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In North & Hillard Ex. 200; the following is to be translated into Latin: "He forgot all the wrongs which he had suffered, and by his arrival brought safety to the state which had treated him so unjustly."

Answer: "qui omnium iniuriarum quas passus erat oblitus adventu suo civibus qui sese tam iniuste usi erant salutem attulit."

Tried: "...omnium iniuriarum quarum (gen. pl.) passus erat..." giving "...of all of the injustices of which he had suffered..." instesd of the given "...of all of the injustices which/ that/ these ("quas" - acc. pl.) he had suffered...".

Is this permissible?

Was going to ask about species, "sese", but it`s well-covered in Wiktionary.

  • The genitive omnium iniuriarum is governed by obliviscor, which (always) takes the genitive. "Having forgotten all..." – Hugh May 9 '19 at 13:47
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If you are going to use the two deponent verbs patior suffer; and obliviscor forget; then you have to stick to the rules and put the object of patior into the accusative, and the object of obliviscor into the genitive.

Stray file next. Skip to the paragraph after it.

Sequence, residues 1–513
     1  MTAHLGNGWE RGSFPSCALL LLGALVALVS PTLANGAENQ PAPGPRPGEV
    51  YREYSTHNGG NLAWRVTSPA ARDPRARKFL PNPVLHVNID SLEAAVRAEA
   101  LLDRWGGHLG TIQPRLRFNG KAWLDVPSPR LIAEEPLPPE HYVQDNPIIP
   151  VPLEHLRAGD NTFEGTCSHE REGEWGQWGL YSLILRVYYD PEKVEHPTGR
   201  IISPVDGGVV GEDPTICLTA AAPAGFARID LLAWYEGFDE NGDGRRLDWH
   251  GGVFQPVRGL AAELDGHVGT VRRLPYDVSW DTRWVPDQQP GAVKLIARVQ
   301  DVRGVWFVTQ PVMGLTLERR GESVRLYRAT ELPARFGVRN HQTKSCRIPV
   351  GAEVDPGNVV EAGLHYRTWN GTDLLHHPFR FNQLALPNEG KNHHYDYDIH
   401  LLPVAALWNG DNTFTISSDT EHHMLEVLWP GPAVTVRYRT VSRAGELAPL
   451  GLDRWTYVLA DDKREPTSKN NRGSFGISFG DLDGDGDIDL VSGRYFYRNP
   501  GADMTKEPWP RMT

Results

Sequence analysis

In the relative clause "which he had suffered," which is the object of passus est so it must be Accusative. But it takes number and gender from 'the things/ the injuries' In the model answer 'injuries' give fem pl. In your example you seem to be edging towards 'those things.' neuter plural.

In the Participle phrase "Having forgotten all those injuries" Oblitus is going to be Nominative (the same case as the Subject of the main verb 'he brought') and omnium injuriarum is going to be Genitive as the object of oblitus, having forgotten.

If you prefer cum instead of the participle, Cum oblitus est/sit omnium inj. ... When he had forgotten/ Since he had forgotten...
If you want to keep two main clauses as in the original: Oblitus est omnium ... autem salutem attulit. 'He forgot all ... but he brought safety.'

As for your second question on qui... qui, Lewis and Short Qui II C., D., E., F. may be helpful. That is: Qui used as a demonstrative; or to introduce qualitative or final clauses.

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